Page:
To play catch up, we must take advantage of our best and most powerful resource – our human capital. According to a report by the World Economic Forum (WEF), more than 60 percent of the population in sub-Saharan Africa is under the age of 25.
These are the people who are poised to create a future where humans and AI can work together for the good of society. In fact, the most recent WEF Global Shapers survey found that almost 80 percent of youth believe technology like AI is creating jobs rather than destroying them.
Staying ahead of the trends to stay employed
AI developments are expected to impact existing jobs, as AI can replicate certain activities at greater speed and scale. In some areas, AI could learn faster than humans, if not yet as deeply.
According to Gartner, while AI will improve the productivity of many jobs and create millions more new positions, it could impact many others. The simpler and less creative the job, the earlier, a bot for example, could replace it.
It’s important to stay ahead of the trends and find opportunities to expand our knowledge and skills while learning how to work more closely and symbiotically with technology.
Another global study by Accenture, found that the adoption of AI will create several new job categories requiring important and yet surprising skills. These include trainers, who are tasked with teaching AI systems how to perform; explainers, who bridge the gap between technologist and business leader; and sustainers, who ensure that AI systems are operating as designed.
It’s clear that successfully integrating human intelligence with AI, so they co-exist in a two-way learning relationship, will become more critical than ever.
Combining STEM with the arts
Young people have a leg up on those already in the working world because they can easily develop the necessary skills for these new roles. It’s therefore essential that our education system constantly evolves to equip youth with the right skills and way of thinking to be successful in jobs that may not even exist yet.
As the division of tasks between man and machine changes, we must re-evaluate the type of knowledge and skills imparted to future generations.
For example, technical skills will be required to design and implement AI systems, but interpersonal skills, creativity and emotional intelligence will also become crucial in giving humans an advantage over machines.
“At one level, AI will require that even more people specialise in digital skills and data science. But skilling-up for an AI-powered world involves more than science, technology, engineering and math. As computers behave more like humans, the social sciences and humanities will become even more important. Languages, art, history, economics, ethics, philosophy, psychology and human development courses can teach critical, philosophical and ethics-based skills that will be instrumental in the development and management of AI solutions.” This is according to Microsoft president, Brad Smith, and EVP of AI and research, Harry Shum, who recently authored the book “The Future Computed”, which primarily deals with AI and its role in society.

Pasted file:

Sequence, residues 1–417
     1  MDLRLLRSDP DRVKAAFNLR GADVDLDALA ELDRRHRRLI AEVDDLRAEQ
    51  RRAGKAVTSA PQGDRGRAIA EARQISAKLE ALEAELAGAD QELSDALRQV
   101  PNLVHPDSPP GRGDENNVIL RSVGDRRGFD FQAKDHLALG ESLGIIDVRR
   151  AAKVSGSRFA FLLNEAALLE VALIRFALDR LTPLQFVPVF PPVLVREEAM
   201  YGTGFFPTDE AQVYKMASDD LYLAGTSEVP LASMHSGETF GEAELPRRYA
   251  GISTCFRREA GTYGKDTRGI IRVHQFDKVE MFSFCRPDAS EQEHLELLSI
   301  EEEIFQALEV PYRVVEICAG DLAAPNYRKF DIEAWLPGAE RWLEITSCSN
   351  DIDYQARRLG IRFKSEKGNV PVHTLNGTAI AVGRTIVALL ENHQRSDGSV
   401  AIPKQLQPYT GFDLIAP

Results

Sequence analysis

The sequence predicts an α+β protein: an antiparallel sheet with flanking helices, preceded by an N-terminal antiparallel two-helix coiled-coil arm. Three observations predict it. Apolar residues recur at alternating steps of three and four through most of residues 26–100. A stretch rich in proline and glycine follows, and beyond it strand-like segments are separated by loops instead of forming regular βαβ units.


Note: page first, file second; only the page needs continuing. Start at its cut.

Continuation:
Interestingly, institutions like Stanford University are already implementing this forward-thinking approach. The university offers a programme called CS+X, which integrates its computer science degree with humanities degrees, resulting in a Bachelor of Arts and Science qualification.
Revisiting laws and regulation
For this type of evolution to happen, the onus is on policy makers to revisit current laws and even bring in new regulations. Policy makers need to identify the groups most at risk of losing their jobs and create strategies to reintegrate them into the economy.
Simultaneously, though AI could be hugely beneficial in areas such as curbing poor access to healthcare and improving diagnoses for example, physicians may avoid using this technology for fear of malpractice. To avoid this, we need regulation that closes the gap between the pace of technological change and that of regulatory response. It will also become essential to develop a code of ethics for this new ecosystem.
Preparing for the future
With the recent convergence of a transformative set of technologies, economies are entering a period in which AI has the potential overcome physical limitations and open up new sources of value and growth.
To avoid missing out on this opportunity, policy makers and business leaders must prepare for, and work toward, a future with AI. We must do so not with the idea that AI is simply another productivity enhancer. Rather, we must see AI as the tool that can transform our thinking about how growth is created.
It comes down to a choice of our people and economies being part of the technological disruption, or being left behind.